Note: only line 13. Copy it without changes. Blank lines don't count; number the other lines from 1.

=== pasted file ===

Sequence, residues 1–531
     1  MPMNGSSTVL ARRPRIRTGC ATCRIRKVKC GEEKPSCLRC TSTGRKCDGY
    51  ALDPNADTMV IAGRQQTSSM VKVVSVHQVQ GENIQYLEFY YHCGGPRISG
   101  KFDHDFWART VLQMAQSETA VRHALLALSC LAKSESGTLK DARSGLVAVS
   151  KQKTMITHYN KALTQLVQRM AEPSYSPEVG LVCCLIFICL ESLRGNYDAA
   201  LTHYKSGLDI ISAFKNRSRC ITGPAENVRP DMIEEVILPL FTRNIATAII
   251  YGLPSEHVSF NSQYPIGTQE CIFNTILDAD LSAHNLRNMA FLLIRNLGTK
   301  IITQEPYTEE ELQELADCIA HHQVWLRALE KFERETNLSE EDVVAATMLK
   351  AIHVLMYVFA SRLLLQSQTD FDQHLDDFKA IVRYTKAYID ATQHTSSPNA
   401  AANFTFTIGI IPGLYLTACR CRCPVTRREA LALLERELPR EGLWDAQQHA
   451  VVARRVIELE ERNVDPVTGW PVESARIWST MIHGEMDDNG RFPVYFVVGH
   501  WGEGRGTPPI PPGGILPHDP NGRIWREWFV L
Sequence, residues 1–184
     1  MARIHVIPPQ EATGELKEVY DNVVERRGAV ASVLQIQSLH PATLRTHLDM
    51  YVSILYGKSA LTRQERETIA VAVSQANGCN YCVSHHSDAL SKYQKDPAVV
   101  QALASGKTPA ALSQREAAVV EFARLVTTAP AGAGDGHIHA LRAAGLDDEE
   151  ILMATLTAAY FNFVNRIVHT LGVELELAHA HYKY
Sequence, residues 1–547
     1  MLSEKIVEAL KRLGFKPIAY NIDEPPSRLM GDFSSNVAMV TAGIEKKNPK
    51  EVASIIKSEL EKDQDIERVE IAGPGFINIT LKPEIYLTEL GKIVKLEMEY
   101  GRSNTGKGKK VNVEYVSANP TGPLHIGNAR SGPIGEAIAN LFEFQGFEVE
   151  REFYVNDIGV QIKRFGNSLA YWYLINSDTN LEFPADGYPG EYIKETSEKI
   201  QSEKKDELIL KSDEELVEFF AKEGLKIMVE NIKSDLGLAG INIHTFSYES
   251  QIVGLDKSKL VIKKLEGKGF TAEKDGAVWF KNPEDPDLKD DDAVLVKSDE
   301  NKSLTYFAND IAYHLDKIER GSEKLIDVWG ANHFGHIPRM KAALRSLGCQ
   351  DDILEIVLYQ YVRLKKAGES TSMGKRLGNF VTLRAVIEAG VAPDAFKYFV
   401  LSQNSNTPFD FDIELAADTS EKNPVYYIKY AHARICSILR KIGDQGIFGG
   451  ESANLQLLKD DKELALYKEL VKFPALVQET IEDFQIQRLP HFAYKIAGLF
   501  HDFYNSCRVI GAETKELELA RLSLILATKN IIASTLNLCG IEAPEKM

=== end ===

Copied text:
Sequence, residues 1–184